CRPE Analyzes Success, Challenges in 18 Cities with High Levels of Choice
November 30, 2017

While school choice options have rapidly increased over the past 20 years, there are questions that still linger. Are these systems on the whole continuously improving? Does every student, regardless of income or where they live, have access to a high-quality education? Is the district’s education strategy rooted in the community’s best interest?

Over the course of a year, the Center for Reinventing Public Education looked in depth at 18 cities with a high level of choice to answer these three questions and better understand how public school choice is working for families. The results are found in their newest report – Stepping Up: How Are American Cities Delivering on the Promise of Public School Choice?

Overall, the study found that proficiency on the school level is increasing, but cities and systems still have a ways to go to meet the needs of every student—especially students from low-income families. In all the cities researched, organizations engaged with officials to bring about policy ideas and solutions, but often, parents and community members felt left out of the decision making process.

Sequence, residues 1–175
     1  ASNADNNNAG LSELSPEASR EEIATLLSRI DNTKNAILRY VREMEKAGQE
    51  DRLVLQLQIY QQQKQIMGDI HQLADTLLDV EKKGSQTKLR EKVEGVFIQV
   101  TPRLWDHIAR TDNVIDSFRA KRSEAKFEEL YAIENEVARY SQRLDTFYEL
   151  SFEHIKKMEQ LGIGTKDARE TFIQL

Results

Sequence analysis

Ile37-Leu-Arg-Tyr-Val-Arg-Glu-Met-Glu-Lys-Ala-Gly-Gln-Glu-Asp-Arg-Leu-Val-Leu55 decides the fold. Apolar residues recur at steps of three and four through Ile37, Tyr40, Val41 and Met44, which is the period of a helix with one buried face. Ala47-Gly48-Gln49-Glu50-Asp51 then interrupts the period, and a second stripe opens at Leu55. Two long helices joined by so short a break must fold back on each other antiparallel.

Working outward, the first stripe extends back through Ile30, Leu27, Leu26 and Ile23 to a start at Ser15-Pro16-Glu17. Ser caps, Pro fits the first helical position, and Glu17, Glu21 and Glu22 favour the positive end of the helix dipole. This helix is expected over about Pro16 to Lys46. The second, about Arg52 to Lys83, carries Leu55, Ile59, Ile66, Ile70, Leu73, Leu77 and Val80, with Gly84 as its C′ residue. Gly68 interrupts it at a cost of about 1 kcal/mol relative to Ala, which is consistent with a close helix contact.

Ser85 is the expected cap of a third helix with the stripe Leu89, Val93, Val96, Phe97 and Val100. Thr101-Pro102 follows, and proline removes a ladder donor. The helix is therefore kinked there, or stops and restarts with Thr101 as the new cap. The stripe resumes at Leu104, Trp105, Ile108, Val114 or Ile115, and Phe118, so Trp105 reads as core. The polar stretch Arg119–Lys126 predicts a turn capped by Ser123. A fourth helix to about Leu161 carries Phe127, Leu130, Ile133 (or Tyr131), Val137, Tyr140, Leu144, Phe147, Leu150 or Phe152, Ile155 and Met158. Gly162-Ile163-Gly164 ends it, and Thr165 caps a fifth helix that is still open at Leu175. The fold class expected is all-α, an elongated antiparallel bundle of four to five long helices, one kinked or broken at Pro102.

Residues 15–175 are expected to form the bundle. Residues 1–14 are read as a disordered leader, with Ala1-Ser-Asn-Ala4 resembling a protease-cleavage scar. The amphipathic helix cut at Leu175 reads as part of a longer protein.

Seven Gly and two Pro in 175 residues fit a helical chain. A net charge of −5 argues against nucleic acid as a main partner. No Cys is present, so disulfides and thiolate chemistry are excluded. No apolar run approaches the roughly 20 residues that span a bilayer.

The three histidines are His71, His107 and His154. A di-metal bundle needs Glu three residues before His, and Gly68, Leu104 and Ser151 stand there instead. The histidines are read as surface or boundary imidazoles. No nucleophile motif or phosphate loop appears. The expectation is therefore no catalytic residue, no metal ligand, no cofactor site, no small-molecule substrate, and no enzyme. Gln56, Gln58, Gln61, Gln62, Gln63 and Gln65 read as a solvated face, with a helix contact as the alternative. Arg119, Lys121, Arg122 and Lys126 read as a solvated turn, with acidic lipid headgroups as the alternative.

CRPE offers suggestions for addressing three common challenges facing cities with high levels of choice:

  • Improve how families are informed, so they have real choices.
  • Be more strategic about the city’s school portfolio, so models meet children’s needs and family preferences for schools in their neighborhoods.
  • Involve community members so they can be part of building a sustainable, responsive education strategy.

CRPE hopes to use these findings to inform decision making by cities and education officials. For more in-depth information on the individual cities that made up the report, CRPE has also provided individual Citywide Education Progress Reports.

If you are interested in connecting with CRPE on this report or one of their other studies, reach out.


Ryan Cantrell

Ryan is PIE Network's Senior Director, Charters, Choice, and Political Engagement


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